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How to Manage a Financial Windfall

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A financial windfall happens when you receive a large amount of money – either through an inheritance, a retirement payout, a large entertainment or sports contract, a personal injury settlement, a lottery win, a divorce decree, a sale of your business, selling stocks, or any other means. Sometimes a financial windfall may be expected (your divorce is almost final and you know the settlement will be large) or a complete surprise (your start-up business is suddenly purchased for an amount you could have never dreamed).

No matter how the money is received, a large financial windfall will change your life. Many people who receive financial windfalls end up losing the money within a few years. But there are ways to help yourself manage the money to create financial wealth for yourself for life.

Give yourself some time.

Depending on the source of your new money, you may be dealing with a lot of emotions – grief if the money came from a life insurance policy from someone you loved who died, anger and distress if you received the money from a recent divorce, or shock and joy from a sudden business sale. One gift you can give yourself is the gift of time. Take enough money to cover your living expenses for 6 months or a year and keep that money separate from the rest of your financial windfall. Know that you have time to decide what to do with the rest of the money. Very few things need to be decided right away – you might need to pay taxes in a timely fashion, but many other decisions can wait.

Get help.

You may want to enlist the help of professionals, such as a financial advisor, accountant, tax preparer, and estate planning attorney to help you navigate your sudden wealth. You will want to gather a team of trusted professionals that will work with your best interests in mind. Interview each candidate to determine their experience level with other clients who have significant financial assets.

Beware of impulse buying.

We all have big wish lists for what we’d buy if we had the money. Now you do have the money! But the quickest way to end up losing it all is by impulse buying that can occur if you think the money will never run out. Better to make a list of everything you might want – a new home, a new car, a month-long vacation, the ability to pay your children’s college education, a large donation to your alma mater – and then tuck your list away somewhere for several weeks or months. Again, give yourself time. Take the list out later and assess it against your financial plan.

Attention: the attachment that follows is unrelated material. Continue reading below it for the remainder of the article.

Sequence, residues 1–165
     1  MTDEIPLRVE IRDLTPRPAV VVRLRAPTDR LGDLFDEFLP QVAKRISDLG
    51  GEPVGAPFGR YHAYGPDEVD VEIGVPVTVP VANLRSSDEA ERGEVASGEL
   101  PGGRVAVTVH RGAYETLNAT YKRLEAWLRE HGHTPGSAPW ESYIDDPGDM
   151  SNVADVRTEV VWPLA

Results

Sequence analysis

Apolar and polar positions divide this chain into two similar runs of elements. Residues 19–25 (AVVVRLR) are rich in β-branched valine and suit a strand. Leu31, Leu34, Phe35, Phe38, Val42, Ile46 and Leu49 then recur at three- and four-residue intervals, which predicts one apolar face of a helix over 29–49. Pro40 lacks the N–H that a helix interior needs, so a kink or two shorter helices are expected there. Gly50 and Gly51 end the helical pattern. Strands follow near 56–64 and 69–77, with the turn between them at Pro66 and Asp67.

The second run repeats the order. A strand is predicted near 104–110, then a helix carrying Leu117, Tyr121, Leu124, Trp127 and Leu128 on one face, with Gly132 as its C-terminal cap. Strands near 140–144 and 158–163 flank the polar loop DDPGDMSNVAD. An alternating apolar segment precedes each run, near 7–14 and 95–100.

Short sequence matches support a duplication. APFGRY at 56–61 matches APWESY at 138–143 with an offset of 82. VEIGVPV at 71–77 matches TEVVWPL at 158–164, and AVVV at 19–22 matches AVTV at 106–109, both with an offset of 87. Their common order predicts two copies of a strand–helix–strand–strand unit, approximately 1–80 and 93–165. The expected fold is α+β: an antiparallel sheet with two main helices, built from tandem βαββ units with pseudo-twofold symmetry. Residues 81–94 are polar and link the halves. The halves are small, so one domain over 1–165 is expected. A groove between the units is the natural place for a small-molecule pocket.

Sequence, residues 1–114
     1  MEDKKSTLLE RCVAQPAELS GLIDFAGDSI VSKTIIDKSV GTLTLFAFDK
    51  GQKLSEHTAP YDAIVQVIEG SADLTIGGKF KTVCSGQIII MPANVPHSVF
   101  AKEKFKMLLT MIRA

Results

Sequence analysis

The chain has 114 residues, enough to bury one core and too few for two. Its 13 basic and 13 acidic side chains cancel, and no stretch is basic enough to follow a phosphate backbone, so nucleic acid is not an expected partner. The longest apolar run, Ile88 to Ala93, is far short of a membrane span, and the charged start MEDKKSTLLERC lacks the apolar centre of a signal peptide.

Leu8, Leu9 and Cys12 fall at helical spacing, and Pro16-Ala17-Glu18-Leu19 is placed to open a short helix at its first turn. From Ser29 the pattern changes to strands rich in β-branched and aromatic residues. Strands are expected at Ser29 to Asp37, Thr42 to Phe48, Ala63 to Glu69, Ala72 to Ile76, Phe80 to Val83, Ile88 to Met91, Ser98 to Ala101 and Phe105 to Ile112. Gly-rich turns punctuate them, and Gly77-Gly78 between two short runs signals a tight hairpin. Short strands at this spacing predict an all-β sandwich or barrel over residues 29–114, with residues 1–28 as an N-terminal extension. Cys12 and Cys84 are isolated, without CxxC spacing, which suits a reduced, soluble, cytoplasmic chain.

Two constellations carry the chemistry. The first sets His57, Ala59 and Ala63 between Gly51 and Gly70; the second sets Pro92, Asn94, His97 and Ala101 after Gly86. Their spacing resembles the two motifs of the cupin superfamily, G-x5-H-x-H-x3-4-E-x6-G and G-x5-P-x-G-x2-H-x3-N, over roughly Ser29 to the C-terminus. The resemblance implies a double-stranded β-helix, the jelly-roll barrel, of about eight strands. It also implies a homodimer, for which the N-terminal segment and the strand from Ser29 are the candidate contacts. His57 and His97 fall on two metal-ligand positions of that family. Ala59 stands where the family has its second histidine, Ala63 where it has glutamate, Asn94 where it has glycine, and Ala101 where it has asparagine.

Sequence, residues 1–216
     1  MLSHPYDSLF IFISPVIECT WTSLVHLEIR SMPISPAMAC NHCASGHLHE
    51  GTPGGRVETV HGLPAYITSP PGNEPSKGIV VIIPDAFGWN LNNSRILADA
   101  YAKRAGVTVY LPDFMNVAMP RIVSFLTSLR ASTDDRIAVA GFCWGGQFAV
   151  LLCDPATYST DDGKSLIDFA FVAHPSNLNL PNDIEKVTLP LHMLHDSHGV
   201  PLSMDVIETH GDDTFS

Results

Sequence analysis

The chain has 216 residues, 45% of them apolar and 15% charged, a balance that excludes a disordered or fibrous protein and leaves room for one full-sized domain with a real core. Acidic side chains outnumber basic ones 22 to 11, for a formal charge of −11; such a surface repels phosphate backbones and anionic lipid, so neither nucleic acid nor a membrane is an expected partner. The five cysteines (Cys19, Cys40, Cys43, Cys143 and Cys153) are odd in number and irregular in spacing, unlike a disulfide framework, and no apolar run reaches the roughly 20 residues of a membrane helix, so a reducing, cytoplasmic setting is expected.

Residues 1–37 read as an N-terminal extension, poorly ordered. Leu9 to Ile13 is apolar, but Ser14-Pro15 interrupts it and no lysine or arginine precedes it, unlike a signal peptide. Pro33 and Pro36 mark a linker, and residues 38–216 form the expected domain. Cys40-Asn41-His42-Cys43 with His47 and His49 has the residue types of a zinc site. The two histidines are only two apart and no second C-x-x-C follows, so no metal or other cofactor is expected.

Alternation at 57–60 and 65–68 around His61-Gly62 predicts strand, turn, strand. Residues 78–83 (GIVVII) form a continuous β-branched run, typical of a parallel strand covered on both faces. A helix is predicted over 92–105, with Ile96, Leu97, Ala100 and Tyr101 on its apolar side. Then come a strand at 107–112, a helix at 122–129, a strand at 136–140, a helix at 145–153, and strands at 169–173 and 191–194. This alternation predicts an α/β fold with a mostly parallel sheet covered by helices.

Learn to say “no.”

You may find yourself getting repeated requests for money – from friends asking for loans, to entrepreneurs asking you to invest in their business, to family members wanting you to share your new wealth. You may need to say “No,” or “Let me think about it,” or “Let me talk to my advisors.”  

Develop a financial plan.

As you transition into your new life of sudden wealth, take the time to develop a financial plan with your trusted advisors that fits your lifestyle and allows you to honor your goals and purpose in life. A sudden influx of money can be overwhelming, but as you learn more about money management and put your plan in place, you may find that you are able to build financial security for life with the windfall.  



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Andrea L. Blackwelder, CFP®, ChFC, CDFA® and Joseph D. Clemens, CFP®, EA are the founders and partners of Wisdom Wealth Strategies. Their shared passion is simple: to bring financial empowerment, understanding, and peace-of mind to people who wish to improve their financial future, build wealth for their families, and achieve financial independence. Click here to find out more about how you can work with the Denver Financial Advisors at Wisdom Wealth Strategies.

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